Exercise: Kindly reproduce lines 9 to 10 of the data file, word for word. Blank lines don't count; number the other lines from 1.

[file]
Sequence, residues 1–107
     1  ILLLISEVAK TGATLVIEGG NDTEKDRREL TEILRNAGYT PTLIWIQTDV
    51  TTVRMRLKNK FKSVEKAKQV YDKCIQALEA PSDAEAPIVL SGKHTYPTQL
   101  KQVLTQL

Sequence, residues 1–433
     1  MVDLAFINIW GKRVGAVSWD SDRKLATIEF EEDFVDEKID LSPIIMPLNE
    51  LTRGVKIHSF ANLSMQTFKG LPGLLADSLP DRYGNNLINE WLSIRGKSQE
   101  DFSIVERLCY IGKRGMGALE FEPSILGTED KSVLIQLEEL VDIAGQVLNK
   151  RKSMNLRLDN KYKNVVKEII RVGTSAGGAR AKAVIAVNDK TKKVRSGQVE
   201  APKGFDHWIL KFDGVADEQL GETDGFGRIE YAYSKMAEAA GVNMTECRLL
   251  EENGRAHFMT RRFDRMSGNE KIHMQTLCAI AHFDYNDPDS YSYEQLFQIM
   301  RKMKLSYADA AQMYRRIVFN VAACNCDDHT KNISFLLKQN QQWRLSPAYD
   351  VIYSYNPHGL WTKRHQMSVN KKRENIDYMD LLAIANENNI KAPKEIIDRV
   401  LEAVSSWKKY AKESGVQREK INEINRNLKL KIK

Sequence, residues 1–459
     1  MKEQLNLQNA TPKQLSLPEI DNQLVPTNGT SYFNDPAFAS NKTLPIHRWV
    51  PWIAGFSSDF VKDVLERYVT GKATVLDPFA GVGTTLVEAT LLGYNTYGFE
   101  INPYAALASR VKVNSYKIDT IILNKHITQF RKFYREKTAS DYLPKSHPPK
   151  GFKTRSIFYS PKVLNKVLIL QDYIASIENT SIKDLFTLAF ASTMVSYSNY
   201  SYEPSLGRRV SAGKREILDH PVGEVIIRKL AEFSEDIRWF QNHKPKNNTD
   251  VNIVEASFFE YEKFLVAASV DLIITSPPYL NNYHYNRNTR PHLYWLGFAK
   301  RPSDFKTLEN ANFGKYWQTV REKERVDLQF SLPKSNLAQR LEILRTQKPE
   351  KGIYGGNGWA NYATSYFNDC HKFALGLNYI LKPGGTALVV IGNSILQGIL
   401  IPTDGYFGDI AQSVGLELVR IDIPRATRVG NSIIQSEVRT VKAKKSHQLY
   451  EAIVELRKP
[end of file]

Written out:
   151  RKSMNLRLDN KYKNVVKEII RVGTSAGGAR AKAVIAVNDK TKKVRSGQVE
   201  APKGFDHWIL KFDGVADEQL GETDGFGRIE YAYSKMAEAA GVNMTECRLL